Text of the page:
Minority Liberal Party formally signs governing agreement

Tasmania’s minority Liberal premier has officially secured the support of independent MPs he needs to govern, but with certain conditions.

The Liberal Party, which has been in power since 2014, won 14 of the 35 seats in the House of Commons in the March 23 election, falling four seats short of a majority.

In early April, three first-term Jacqui Lambie Network MPs signed an agreement to support the Liberals through parliamentary confidence and supply votes.

The agreement signed by Premier Jeremy Rawcliffe and independent MPs Christy Johnston and David O’Byrne was unveiled on Wednesday.

Tasmanian Independent MHA David O'ByrneTasmanian Independent MHA David O'Byrne

Tasmanian Independent David O’Byrne attended state parliament last year. (Photo by Rob Blacks/AAP)

“This agreement provides confidence and supply for the upcoming parliament,” Mr Rockliffe said.

“I thank both members for their goodwill and constructive input, which will help ensure the stability and certainty Tasmanians desire and deserve.”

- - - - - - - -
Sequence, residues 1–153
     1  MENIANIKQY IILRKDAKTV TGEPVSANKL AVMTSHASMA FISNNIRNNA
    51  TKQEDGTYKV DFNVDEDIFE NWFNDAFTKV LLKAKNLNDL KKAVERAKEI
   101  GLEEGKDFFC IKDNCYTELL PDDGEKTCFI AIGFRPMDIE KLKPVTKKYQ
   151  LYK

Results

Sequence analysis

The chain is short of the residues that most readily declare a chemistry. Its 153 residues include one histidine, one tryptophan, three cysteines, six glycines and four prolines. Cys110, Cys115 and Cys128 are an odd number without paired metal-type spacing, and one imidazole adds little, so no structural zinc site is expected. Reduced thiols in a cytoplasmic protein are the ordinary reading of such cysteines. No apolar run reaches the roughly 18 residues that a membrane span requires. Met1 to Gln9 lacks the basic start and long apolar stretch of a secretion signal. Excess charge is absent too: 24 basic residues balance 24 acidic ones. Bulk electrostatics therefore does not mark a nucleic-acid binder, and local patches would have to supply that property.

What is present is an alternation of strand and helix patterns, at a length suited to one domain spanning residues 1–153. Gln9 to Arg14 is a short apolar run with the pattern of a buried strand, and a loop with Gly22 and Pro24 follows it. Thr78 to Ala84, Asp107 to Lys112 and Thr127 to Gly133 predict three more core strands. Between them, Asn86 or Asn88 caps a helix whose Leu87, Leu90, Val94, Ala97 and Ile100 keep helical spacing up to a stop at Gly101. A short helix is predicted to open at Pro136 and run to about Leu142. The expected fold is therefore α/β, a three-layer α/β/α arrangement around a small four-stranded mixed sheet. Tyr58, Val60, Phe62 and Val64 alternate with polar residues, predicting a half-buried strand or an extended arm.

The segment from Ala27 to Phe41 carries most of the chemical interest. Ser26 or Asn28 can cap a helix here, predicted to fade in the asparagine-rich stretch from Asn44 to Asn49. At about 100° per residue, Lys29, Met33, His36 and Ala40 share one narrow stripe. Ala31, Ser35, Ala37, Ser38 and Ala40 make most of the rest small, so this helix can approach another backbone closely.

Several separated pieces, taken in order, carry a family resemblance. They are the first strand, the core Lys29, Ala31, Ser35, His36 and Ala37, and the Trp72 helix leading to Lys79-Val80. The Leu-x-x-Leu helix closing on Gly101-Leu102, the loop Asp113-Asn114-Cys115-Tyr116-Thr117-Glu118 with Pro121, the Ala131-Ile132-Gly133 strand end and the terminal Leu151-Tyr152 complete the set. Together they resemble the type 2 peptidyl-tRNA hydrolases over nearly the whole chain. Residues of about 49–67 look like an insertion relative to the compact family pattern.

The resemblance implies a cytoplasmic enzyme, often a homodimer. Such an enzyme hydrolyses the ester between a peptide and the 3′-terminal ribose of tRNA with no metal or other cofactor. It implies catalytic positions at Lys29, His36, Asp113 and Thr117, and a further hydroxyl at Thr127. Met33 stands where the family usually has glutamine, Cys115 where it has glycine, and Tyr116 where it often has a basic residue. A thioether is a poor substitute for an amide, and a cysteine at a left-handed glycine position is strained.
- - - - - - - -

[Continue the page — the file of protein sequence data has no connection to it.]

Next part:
Mr O’Byrne, a former Labor leader, said he was obliged to work with Mr Rockliffe after his former party admitted it could not govern with just 10 seats.

In signing the agreement, Mr O’Byrne said he was prepared to provide confidence and supply commitments subject to certain processes and conditions.

He will support the Liberals in the face of motions of no confidence in Parliament unless corruption, gross incompetence, gross misconduct or policy and governance failures are involved.

Mr O’Byrne said he would consider government legislation on its merits and would hold regular meetings with the Prime Minister and ministers.

If Mr Rockliffe is not Prime Minister, the agreement is void.

Ms Johnston has agreed to offer confidence and supply on “merits” and will continue to consider each issue at face value.

She will give a vote of confidence if the government is “transparent and accountable”, if parliament has a high level of integrity and decisions are made in the best interests of Tasmanians.

“My consistent position since the election has been that the party entrusted with forming the government should be given the chance to govern,” Ms Johnston said.

“In addition, I have always said that I am prepared to provide confidence and supply based on performance so that the government can continue its work.”

Fisherman Craig Garland, the third independent member of parliament, said recently that Mr Rockliffe had not yet approached him and reached a formal agreement.

The election was called early after the Liberals were unable to resolve a minority party standoff with two crossbench MPs who did not return to parliament.

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